As time goes on, the line between healthcare and technology becomes more blurred. Technology and healthcare have been working together for decades. Many machines like CT scanners, sterilizers and automatic surgical tables becoming staples in hospitals and other medical environments.
Now, however, medical technology is presenting itself in new, less recognizable forms: wearable health monitors, smart scales and health-tracking applications, to name a few.
This relatively new type of medical technology is not usually created or manufactured by large companies made up of thousands of employees. This was not the case for medical equipment of the past. They’re made by smaller independent teams on tighter budgets. In fact, over 80 percent of the 6,500 medical technology companies in the U.S. have fewer than 50 workers.
Healthcare Technology and Small Business
As of 2017, the United States medical device market has a market size of around $156 billion. They are also responsible for around 2 million jobs with that number expecting to increase in the future.
The growth is projected to take place mostly in sub-industries of the medical technology market in fields like:
- Irrigation apparatuses
- Surgical appliances and supplies
- Medical instruments
- In-Vitro diagnostics
- Dental equipment and supplies
- Electro-medical equipment
- Wearable health devices
- Software, apps and computer programs
The smaller companies that create, program and manufacture these new healthcare technology devices and software do not have access to as much funding as larger, more established medical technology companies do. That said, they still are responsible for preventing, diagnosing and monitoring the health of their customers.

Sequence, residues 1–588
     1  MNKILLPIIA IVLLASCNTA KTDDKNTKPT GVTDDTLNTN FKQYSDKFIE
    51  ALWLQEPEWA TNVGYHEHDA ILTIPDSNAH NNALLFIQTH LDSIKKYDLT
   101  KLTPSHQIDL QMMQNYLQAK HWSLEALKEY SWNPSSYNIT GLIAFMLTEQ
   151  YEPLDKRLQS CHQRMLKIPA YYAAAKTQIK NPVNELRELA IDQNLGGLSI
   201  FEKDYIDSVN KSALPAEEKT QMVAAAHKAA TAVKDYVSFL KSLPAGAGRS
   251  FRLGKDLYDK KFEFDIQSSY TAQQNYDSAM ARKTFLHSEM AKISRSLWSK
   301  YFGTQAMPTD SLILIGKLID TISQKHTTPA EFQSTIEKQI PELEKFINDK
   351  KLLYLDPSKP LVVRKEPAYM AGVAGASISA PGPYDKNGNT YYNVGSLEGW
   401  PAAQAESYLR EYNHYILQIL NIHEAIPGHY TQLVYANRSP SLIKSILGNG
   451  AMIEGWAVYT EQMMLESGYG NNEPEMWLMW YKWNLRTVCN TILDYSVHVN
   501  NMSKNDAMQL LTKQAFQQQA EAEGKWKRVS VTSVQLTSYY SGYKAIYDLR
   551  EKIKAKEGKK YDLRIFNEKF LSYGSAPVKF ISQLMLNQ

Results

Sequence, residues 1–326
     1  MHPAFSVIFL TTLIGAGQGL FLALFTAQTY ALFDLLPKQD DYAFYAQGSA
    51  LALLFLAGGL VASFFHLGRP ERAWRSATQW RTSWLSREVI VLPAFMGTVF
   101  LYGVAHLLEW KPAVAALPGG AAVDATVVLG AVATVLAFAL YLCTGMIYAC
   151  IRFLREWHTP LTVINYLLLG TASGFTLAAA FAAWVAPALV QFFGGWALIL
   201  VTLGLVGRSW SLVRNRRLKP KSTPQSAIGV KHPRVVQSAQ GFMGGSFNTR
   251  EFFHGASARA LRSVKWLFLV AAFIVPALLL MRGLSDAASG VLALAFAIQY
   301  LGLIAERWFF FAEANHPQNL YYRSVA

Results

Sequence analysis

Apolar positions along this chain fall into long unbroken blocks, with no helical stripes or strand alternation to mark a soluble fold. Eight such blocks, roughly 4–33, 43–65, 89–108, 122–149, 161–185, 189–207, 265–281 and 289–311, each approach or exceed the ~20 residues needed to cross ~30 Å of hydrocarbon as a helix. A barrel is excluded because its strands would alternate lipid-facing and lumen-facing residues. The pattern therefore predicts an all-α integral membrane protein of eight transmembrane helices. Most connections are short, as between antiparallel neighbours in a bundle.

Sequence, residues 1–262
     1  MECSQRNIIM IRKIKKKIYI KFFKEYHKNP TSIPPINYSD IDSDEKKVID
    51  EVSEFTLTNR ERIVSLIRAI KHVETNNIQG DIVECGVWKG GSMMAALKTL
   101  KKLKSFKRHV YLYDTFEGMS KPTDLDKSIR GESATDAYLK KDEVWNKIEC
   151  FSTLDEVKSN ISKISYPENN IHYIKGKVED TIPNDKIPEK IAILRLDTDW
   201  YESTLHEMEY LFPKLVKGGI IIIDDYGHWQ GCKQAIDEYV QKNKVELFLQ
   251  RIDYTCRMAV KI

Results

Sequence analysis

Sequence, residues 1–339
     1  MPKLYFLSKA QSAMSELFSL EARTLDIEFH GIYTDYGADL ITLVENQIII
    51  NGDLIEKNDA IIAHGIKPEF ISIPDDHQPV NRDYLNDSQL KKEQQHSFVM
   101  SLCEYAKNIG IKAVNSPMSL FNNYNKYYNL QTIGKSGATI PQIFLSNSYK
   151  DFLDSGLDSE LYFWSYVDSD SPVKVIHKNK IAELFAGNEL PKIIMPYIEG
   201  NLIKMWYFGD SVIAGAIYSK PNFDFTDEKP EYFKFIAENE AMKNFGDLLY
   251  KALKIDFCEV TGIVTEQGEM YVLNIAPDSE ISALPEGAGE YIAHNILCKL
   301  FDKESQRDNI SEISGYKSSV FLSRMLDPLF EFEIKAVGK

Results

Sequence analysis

This is where medical technology factoring comes in.
Healthcare Technology Factoring
The field of medical technology is no longer being dominated by large corporations to push the limits and create new products. Small healthcare technology companies are the ones paving the way, creating devices, software and other tech that is more effective and less expensive. From large machines that scan entire bodies externally to microscopic robots that diagnose health issues internally, medical technology startups have taken over.
Medical technology factoring, also known as healthcare technology factoring, is the process of selling unpaid invoices in exchange for funding. This funding can provide healthcare technology companies with the money needed to pay their employees and prototype their devices. Also, they can market their work to potential clients like hospitals, big-box electronics stores, or online retailers.
In addition, healthcare technology factoring helps smaller businesses in the industry keep their cash flow regulated. This works to offset the net 30 to net 90 payment system adopted by the majority of medical establishments.